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November 4, 2014
Scientists Refute IPCC’s Latest Alarmism On Global Warming
The latest United Nations climate report is sounding the alarm on man-made global warming, saying that fossil fuels needed to be eliminated from the energy supply in the coming decades to avoid catastrophe.
“Decarbonizing… electricity generation is a key component of cost-effective mitigation strategies in achieving low stabilization levels,” the IPCC noted, adding that green energy needed to make up 80 percent of the world’s energy supply by 2050 and 90 percent by 2100 in order to kep temperatures from rising 2 degrees Celsius above pre-industrial times.
Despite the stark warning from the IPCC, some scientists have said the warning is not dire enough. The Washington Post’s Chris Mooney reported last weekabout scientists who thought the IPCC’s global warming predictions were too cautious. These scientists argue that the IPCC process can “lead to downplaying the full ranges of future scenarios.”
But while some scientists are saying the IPCC isn’t alarmist enough in its reporting on global warming, others argue that the UN climate bureaucracy is too alarmist in its predictions.
“The IPCC should be lowering their estimates of future impacts, most definitely not raising them,” Cato Institute scientist Chip Knappenberger told The Daily Caller News Foundation. “There is a major flaw in the IPCC [fifth assessment] (and all previous reports as well) in that the climate models that are used to produce all the scary climate projections are very likely, collectively, too sensitive to the buildup of atmospheric carbon dioxide.”
Knappenberger is referring to a measurement called “climate sensitivity” — referring to the estimated temperature rise from a doubling of atmospheric concentrations of carbon dioxide levels. Increasingly, scientists have been lowering their climate sensitivity measures as temperatures refuse to increase in two decades.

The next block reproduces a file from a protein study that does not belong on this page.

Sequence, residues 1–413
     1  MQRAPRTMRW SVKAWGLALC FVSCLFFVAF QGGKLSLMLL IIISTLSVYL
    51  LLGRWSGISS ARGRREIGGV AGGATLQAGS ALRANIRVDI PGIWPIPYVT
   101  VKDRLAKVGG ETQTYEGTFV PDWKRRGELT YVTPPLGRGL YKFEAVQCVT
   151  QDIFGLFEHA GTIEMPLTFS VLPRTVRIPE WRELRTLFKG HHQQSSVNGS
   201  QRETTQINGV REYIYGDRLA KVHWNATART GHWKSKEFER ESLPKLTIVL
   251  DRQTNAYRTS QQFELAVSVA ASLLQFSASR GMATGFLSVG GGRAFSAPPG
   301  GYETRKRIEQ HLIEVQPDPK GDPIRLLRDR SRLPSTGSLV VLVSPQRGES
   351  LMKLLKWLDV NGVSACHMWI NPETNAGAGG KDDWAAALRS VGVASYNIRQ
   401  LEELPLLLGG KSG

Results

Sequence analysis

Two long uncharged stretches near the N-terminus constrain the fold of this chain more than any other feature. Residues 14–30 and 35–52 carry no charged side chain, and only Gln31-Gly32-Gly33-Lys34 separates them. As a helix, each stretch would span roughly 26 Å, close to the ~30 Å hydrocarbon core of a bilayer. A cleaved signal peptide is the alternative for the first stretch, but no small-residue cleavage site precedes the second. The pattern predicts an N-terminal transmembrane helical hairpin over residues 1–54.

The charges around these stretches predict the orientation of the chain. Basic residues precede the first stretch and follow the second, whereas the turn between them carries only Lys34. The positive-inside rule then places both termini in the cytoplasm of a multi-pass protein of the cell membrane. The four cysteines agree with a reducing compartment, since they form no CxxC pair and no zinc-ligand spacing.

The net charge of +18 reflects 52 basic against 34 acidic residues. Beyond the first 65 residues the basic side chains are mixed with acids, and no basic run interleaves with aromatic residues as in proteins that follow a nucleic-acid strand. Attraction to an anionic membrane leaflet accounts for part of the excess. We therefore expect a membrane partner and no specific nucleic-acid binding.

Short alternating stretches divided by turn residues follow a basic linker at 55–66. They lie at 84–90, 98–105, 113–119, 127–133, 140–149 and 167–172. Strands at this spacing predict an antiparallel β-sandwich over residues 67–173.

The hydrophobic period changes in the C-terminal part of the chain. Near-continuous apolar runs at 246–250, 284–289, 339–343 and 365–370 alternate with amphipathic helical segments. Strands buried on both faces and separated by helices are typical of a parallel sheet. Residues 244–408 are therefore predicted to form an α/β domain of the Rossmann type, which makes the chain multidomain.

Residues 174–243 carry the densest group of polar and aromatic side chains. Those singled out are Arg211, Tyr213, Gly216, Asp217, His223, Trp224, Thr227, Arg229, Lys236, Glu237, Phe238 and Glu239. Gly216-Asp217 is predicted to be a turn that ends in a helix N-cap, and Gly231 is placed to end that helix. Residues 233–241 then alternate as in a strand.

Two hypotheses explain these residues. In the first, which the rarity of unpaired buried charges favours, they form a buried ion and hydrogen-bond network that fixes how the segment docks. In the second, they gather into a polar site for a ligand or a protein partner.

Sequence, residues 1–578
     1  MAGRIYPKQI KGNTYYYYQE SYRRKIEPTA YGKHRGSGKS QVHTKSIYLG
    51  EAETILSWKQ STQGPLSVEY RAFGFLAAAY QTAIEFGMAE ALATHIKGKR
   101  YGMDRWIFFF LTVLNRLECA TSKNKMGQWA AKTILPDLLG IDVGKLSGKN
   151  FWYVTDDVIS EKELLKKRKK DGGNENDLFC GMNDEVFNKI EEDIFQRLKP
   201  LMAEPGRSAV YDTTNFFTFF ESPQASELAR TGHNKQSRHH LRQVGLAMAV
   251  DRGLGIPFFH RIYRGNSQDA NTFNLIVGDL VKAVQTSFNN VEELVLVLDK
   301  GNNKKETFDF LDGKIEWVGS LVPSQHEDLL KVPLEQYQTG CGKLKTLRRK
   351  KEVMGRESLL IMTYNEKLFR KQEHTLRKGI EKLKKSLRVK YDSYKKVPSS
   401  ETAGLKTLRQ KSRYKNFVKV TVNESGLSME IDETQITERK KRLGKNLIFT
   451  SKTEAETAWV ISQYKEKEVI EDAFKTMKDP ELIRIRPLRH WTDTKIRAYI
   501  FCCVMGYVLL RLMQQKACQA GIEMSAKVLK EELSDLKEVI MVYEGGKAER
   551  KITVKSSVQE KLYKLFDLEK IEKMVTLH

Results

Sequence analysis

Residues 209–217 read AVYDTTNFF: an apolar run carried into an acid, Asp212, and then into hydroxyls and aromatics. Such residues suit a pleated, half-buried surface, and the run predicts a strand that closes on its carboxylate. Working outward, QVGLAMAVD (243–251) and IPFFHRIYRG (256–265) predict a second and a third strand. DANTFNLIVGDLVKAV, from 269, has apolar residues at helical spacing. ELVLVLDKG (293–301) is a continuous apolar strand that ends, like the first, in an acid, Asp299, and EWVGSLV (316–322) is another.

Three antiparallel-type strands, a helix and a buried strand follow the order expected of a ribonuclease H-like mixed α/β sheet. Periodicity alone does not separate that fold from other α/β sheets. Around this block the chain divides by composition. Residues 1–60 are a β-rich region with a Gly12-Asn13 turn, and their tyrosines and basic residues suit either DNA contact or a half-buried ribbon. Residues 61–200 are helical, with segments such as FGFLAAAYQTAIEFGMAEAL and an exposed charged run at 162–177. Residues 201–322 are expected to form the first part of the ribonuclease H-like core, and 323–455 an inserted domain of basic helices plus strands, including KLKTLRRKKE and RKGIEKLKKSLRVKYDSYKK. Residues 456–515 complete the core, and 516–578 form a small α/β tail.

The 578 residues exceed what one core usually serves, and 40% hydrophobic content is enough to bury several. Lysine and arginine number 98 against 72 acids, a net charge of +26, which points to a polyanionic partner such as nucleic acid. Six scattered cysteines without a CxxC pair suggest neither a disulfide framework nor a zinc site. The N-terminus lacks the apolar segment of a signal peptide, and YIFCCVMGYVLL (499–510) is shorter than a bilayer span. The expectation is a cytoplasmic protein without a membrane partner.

“Only desperate climate alarmists would have the gall to suggest the IPCC produces ‘conservative’ estimates of climate change in light of a growing mountain of evidence that the IPCC actually exaggerates potential climate change,” echoed Pat Michaels, director of Cato’s Center for the Study of Science.
Satellite temperature data shows average global temperatures have not displayed a warming trend in more than 18 years. This so-called pause in global warming has baffled scientists, who have offered dozens of explanations for why global temperatures have not trended upwards in nearly two decades.
“Sometimes, the smartest thing a forecaster can do is look out the window,” Michaels said. “Obviously, way too much warming has been and is being predicted.”
The IPCC has actually overestimated warming since 1950, according to Michaels. “It turns out that the average warming trend predicted for every period of record [1950-2013, 1951-2013, 1952 and others] are greater than what has been observed,” he said.
Scientists and environmentalists, however, have fired back at claims that climate models are running too hot by noting that surface temperature records show the last three decades have been hotter than any other on record. In fact, scientists predict 2014 is on track to be the hottest year on record globally.
Knappenberger noted, however, that even if 2014 is the hottest year on record, the observe average global temperature has been well below what climate models predicted.
Knappenberger wrote that “global warming fear-mongers point out that the average global temperature so far this year is a few hundredths of a degree higher than the previous record. Yet they fail to point out that the same temperature is more than two-tenths of a degree (about 10 times as much) below where it was supposed to be based on computer model projections of climate change resulting from the increase in greenhouse gases in the atmosphere.”
“They throw out statistics like ‘the 12 hottest years on record have come in the past 15 years.’ And yet never mention the fact that 15 of the past 15 years are cooler than their (obviously overheated) global warming predictions,” Knappenberger added.